From The Project File~ Wood Slat Shelf

Awhile back a friend dropped by to say that he had an overwhelming quantity of wood slats ready for disposal. He was replacing the 1920s lathe and plaster walls in his house with sheetrock (by no means a small job). And because he understands our fondness for vintage building materials, he thoughtfully offered the lathe strips to us before he burned them or hauled them to the landfill. There was a small truckload full, and the above picture represents only a fraction. 

By the way, if you hang out with me long enough, you'll realize that I love taking pictures of wood. Wood piles, stacks, stumps, pallets, and so on~ I think it's a texture thing.

There is a space next to our stairwell, roughly 1x3, that I can't adequately describe to you. It was a countertop of sorts; a leftover from the crude condition in which we found the house when we took possession. It's kind of a nothing space, in that it has no real purpose other than to fill a void. We have tried a couple of surfaces in this awkward little area, but nothing ever looked really good. 

I think all the browsing I do on websites such as Houzz and Pinterest led me to the idea of using the lathe strips to create a rustic shelf surface.

Take a look at the process. It was almost all done in place, as the photos show. That means we had about five power tools in the house while the project was underway, along with a carpet of sawdust.

I did all the cutting and fitting of the strips and I have to say, it was very empowering. I know that sounds silly, but truly, this small undertaking really made me feel competent. I am no longer afraid of the chop saw and I'm becoming increasingly accurate on first cuts.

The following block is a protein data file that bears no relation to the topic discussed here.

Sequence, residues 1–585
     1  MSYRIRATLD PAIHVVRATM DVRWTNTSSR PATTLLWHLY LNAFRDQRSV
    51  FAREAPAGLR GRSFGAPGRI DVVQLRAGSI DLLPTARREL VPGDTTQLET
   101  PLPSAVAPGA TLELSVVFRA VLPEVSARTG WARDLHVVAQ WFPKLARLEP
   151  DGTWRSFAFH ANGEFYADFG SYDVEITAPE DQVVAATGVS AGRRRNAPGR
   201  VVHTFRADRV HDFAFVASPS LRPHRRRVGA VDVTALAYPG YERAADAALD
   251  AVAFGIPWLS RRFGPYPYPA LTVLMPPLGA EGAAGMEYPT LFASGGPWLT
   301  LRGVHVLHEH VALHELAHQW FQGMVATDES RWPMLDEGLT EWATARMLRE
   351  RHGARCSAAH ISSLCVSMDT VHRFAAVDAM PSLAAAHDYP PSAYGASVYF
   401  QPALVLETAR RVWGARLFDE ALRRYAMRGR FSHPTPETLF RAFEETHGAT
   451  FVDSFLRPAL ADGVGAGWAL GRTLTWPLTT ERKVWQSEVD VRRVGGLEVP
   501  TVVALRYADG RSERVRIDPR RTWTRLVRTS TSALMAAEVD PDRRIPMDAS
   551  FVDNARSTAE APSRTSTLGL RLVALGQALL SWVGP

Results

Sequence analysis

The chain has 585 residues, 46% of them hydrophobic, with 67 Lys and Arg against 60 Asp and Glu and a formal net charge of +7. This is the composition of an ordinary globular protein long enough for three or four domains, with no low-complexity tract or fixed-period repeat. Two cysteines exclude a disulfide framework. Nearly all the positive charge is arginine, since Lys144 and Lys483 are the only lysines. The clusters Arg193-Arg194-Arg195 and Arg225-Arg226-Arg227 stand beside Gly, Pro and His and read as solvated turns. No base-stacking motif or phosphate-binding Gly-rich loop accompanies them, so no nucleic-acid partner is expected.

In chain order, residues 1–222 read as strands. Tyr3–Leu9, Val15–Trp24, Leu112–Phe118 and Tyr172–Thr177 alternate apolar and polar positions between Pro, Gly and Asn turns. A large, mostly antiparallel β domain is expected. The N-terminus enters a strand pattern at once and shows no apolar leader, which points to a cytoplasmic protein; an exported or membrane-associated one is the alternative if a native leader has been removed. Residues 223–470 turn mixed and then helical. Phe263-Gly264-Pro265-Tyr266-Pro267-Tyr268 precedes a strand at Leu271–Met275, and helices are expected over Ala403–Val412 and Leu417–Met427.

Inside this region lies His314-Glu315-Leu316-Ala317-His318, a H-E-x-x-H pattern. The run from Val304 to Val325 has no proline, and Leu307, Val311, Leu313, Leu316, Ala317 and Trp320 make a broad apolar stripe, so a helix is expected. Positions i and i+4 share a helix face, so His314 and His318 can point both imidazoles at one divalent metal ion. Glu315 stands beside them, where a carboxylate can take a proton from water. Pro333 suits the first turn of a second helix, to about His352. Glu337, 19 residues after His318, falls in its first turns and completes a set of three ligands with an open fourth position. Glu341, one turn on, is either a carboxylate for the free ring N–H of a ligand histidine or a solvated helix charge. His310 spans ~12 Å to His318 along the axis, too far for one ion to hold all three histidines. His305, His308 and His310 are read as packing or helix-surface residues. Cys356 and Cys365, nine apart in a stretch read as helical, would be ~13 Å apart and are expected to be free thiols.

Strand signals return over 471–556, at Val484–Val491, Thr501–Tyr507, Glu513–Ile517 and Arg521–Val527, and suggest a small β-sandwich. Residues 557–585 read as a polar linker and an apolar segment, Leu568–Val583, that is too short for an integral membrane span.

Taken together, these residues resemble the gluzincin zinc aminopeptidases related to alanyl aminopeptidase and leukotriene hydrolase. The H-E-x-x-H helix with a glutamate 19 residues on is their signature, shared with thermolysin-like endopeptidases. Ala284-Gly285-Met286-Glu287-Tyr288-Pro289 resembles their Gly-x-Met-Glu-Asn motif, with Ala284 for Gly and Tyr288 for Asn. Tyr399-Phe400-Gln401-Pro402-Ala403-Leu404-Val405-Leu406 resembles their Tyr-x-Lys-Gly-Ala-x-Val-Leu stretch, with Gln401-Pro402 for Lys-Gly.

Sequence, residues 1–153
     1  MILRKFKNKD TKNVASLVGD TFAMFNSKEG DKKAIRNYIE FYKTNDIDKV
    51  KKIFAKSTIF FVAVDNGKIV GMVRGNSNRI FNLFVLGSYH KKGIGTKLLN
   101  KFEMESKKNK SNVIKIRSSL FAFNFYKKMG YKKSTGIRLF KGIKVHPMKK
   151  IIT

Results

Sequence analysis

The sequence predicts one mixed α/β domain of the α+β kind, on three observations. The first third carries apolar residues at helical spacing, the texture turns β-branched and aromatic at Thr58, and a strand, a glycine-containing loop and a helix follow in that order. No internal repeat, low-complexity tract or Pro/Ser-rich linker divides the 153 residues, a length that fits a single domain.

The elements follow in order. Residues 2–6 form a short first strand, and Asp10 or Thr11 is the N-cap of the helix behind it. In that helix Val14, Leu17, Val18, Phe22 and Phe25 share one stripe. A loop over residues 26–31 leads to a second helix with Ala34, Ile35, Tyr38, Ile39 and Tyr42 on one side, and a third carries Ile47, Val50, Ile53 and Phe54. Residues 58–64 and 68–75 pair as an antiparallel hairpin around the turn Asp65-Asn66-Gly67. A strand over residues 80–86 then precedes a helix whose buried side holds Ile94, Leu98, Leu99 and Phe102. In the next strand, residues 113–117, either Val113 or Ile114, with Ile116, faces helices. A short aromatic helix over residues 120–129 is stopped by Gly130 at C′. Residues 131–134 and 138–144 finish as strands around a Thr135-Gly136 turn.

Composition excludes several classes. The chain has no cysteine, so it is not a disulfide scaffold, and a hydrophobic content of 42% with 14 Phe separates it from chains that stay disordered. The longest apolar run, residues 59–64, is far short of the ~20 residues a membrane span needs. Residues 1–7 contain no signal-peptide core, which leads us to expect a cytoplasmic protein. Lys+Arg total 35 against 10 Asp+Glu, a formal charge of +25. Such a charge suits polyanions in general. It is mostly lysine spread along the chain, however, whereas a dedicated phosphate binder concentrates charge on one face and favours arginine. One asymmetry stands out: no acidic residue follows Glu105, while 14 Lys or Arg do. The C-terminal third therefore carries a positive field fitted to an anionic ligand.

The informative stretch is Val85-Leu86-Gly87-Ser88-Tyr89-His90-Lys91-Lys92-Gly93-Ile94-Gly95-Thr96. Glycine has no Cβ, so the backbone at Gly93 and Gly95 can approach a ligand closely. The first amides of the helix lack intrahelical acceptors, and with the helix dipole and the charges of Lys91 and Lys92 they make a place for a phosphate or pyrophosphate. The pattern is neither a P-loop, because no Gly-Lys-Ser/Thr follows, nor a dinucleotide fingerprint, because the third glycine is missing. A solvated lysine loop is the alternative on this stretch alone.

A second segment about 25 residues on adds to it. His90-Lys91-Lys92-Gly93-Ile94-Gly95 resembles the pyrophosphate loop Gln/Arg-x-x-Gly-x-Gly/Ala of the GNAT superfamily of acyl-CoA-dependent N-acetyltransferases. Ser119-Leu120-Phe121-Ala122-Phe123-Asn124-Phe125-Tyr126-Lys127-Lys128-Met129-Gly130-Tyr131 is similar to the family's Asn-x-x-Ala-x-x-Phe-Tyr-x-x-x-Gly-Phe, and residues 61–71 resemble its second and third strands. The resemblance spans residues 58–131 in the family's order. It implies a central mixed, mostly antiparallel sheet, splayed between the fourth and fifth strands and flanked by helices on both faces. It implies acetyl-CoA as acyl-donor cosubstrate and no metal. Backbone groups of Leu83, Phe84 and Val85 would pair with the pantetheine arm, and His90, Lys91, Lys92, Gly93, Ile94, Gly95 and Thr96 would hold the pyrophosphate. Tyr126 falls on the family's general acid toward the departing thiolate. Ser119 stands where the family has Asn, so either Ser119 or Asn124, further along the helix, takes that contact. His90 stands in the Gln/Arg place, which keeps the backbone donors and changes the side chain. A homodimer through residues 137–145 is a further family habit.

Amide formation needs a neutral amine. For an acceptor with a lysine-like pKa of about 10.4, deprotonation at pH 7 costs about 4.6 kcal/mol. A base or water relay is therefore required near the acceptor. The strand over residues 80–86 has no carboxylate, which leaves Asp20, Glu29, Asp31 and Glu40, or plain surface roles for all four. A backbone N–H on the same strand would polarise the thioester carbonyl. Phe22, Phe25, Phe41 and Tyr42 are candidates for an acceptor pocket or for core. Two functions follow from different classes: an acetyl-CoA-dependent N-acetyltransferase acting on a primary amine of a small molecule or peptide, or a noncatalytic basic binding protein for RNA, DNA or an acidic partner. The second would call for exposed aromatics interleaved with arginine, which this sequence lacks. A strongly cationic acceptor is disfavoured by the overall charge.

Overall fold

What's that old saying? "Measure once, cut twice"?

When the cutting was complete and the slats in place, we nailed the them to the underlayment using an air nailer. Nailing was fun because there wasn't a lot of skill and precision involved. The downside to air-driven tools is the cycling of the air compressor. When it cycles on to maintain pressure it is loud and very startling. However, the hassle of power tools in the living room is small compared to the pleasure of having just the right tool for each step of the project. 

From the workshop~
Larry made the awesome bullnosing from old pallet wood to finish the project. I still marvel at how smooth and pretty the boards look, and the depth of the wood trim added the refinement the shelf needed. Although I helped with the design decisions, the fabrication was clearly above my pay grade.

As an aside, since completing the shelf I have painted the surrounding walls with an awesome color, coconut milkI have to say, great paint color choice. I don't always get this lucky on first attempt.

I'm forever moving favorite accent pieces onto and off the new shelf, but I even like the wood surface as a stand-alone. Maybe that's because I'm now puffed up about myself, having been a major participant, and like to admire my work whenever I walk by.

My ego issue notwithstanding, the varied wood tones are mellow and visually warm, and the lathe strip design satisfies my very linear esthetic.

Feeling stoked! I ceremoniously scratched another line item from the project list. 




  1. Dana,
    A woman with a power tool can do anything! I like the wood strips and can understand your leaving them empty to be admired.


  2. Wow, this looks fantastic! You and Larry are quite a team! You certainly dressed up plain space and turned it into a focal point! Love it!